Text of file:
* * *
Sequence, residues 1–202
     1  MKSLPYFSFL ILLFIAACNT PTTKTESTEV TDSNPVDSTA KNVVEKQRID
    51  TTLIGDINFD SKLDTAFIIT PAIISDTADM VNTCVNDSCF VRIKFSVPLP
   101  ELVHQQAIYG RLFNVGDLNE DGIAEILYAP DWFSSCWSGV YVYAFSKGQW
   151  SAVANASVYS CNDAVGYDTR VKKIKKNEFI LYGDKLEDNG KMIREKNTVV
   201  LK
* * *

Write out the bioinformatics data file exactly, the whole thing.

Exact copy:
Sequence, residues 1–202
     1  MKSLPYFSFL ILLFIAACNT PTTKTESTEV TDSNPVDSTA KNVVEKQRID
    51  TTLIGDINFD SKLDTAFIIT PAIISDTADM VNTCVNDSCF VRIKFSVPLP
   101  ELVHQQAIYG RLFNVGDLNE DGIAEILYAP DWFSSCWSGV YVYAFSKGQW
   151  SAVANASVYS CNDAVGYDTR VKKIKKNEFI LYGDKLEDNG KMIREKNTVV
   201  LK